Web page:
Q: I am Latina, my husband is white, and our four-year-old daughter is African-American. She recently told us that people don’t want to play with her because she has brown skin, and that she wants to have white skin like Daddy. We try really hard to help her develop a positive self-image. All of her dolls have various shades of brown skin and she has many books with lead characters who are of color, as well as books about skin tone and differences. She attends a Montessori school that stresses kindness and appreciation for other cultures. I work at a university, so she is regularly exposed to people and events from different cultures. However, the small, rural town where we live is over 90 percent white. What can we do? We’re even wondering if we should move to a more diverse town, even though it would mean leaving friends and living farther from work.
Members of adoptivefamiliescircle.com respond:
“I am a 38-year-old transracial adoptee. My twin brother and I are Native American with a dark complexion. When we were four or five, my brother asked my mom if she could put bleach in the water so he could be white like her. My mom thought it was cute and really never addressed the issue. Growing up, my parents never tried to integrate us with other children who looked like us. Everywhere we went I would look for those with darker skin tones. I would definitely notice if I was the only one of color. My advice is to embrace every aspect of your daughter’s culture and background. Find playgroups or friends who identify with her race. I wish my parents had done that for me and my brother—branched out to new neighborhoods, churches, schools, and social circles. Just know that, whether or not she verbalizes this again, it is something she will think about all the time. It’s not a bad thing that she wants look like you or fit in with the rest of the family. Embrace her remarks and understand she sees the differences.”
“My son went through something similar around that age. He wanted to have ‘pink skin,’ like me. It took us a while to work through it, and I finally came to understand it as his wanting to ‘match’ me. He wasn’t getting bothered by other people about it; he just thought I was pretty and wanted to look more like me so he’d be pretty, too. It started right around pre-K, so he was separating a bit more and I think wanting the security of ‘belonging together.’ I tell him often that he’s beautiful (he is), and we talk about similarities; my favorite was when he came up with his being brown and my having ‘brown spots’ (I have a lot of freckles and moles). I’ve also tried to comment on specific people of all races as being beautiful. It’s a bit uncomfortable, because I always tried to focus on non-physical attributes when I talk about what I admire in people, but I’m getting better at it.”
“Have you tried to find a child her age who is also black and with whom she can play on a regular basis? I would start by looking for an adoption playgroup, as there tend to be a lot of interracial adoptions. It would be good for her to see and interact with kids who look like her.”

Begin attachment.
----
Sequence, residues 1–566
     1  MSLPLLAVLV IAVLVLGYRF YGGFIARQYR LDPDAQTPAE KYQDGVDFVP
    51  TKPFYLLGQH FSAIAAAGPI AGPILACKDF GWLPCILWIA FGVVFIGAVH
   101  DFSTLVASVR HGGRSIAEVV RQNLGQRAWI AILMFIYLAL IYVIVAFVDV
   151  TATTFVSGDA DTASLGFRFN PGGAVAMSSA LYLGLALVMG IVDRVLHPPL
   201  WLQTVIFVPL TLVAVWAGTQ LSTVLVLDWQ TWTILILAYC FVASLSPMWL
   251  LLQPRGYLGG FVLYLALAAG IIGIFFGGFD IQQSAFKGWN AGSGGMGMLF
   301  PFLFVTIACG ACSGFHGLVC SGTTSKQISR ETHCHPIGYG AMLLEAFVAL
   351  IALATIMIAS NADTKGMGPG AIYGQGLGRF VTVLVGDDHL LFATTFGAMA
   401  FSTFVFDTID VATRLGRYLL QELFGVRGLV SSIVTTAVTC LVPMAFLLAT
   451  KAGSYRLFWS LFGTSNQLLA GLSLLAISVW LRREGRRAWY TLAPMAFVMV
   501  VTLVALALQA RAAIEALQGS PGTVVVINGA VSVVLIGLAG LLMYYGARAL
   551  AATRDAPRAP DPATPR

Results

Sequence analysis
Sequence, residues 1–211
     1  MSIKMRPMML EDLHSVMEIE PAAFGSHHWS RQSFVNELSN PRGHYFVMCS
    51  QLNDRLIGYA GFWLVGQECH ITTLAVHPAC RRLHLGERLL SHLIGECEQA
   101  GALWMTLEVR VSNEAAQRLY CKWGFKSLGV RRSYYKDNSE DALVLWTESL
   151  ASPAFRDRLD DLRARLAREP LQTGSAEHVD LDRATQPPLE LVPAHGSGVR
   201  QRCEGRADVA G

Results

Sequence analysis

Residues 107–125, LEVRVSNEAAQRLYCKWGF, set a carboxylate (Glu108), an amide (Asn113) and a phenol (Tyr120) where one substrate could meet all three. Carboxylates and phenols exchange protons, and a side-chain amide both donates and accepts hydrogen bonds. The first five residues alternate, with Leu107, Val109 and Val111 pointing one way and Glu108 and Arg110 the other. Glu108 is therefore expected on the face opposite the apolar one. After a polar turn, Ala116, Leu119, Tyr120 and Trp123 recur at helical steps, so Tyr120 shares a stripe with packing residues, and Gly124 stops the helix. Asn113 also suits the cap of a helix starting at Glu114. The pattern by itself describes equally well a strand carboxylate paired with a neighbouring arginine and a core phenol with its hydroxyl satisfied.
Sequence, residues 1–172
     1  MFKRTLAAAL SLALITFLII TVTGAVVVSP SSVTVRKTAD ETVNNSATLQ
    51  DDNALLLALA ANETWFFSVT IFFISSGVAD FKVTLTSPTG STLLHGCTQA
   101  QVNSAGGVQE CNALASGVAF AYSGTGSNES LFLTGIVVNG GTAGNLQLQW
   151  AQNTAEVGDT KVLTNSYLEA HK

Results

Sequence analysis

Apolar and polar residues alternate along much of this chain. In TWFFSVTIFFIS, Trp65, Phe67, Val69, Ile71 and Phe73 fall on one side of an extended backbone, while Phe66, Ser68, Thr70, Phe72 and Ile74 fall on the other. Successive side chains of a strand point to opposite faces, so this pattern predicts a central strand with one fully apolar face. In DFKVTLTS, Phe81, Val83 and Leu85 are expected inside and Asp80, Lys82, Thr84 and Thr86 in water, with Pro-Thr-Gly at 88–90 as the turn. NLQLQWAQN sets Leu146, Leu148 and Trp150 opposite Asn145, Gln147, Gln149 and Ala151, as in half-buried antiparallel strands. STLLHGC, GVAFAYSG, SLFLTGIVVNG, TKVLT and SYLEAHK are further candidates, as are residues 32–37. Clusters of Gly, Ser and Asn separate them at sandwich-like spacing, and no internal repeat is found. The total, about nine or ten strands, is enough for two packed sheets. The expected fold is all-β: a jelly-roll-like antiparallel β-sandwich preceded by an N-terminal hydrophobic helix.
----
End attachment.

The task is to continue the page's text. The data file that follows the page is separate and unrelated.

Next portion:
“I’m also in a biracial marriage. I am white and my wife is black, and our three children are all black. Our son started saying similar things around the same age despite also having all the books, a mostly non-white preschool class, and one black parent to identify with. He was getting questioned by other children about why he looked different from his mommy. He also wanted so badly to identify with me (specifically, he wanted freckles and to have ‘lived in my tummy’). He still wishes for straight hair like his mostly white classmates in first grade. Anyway, I think it’s a combination of budding social awareness, attachment/identification, normal development. Maybe try to find a more diverse play group? Moving is a drastic change, yet it could be worth it if your community doesn’t reflect your daughter.”
“You mentioned that she has all dolls with brown skin. Maybe she can have some Latina and white dolls, too, so that her whole family will be represented? At that age, most children want to be like Mommy and Daddy. This simple game can emphasize things you have in common: Dad could say, “We all like movies”; Mom could say, “We all like bike riding”; the child could say, “We all like dogs”; and keep going around the circle. You could also go on an outing (and take some cute pictures) of the three of you dressed alike. It does sound like your area being mostly white could be part of it. Your daughter may see only white teachers, librarians, police, doctors, salespeople. Do you go to more integrated areas to attend church, shop, or just to visit?”
“I agree that embracing every aspect of your daughter’s culture helps. Also, remember to talk about how beautiful, smart, and talented she is often. (It needs to be frequent to counteract the pervasive discrimination of our culture.) Point out other people of color you admire. I am not necessarily a proponent of moving; there can be benefits to and harm from uprooting and moving to a bigger city, so that is a very individual decision. I would make a concentrated effort to have black professionals in your and your child’s life, and to find black friends for yourself as well as your daughter. It is easy to talk about everyone being valuable, but if none of a parent’s friends are black (or of the child’s race), he/she will not feel welcome. I have also found that going with her to black churches and events, and vacationing in areas where you are in the minority instead of her, are good exercises in understanding how your child may feel on an everyday basis.”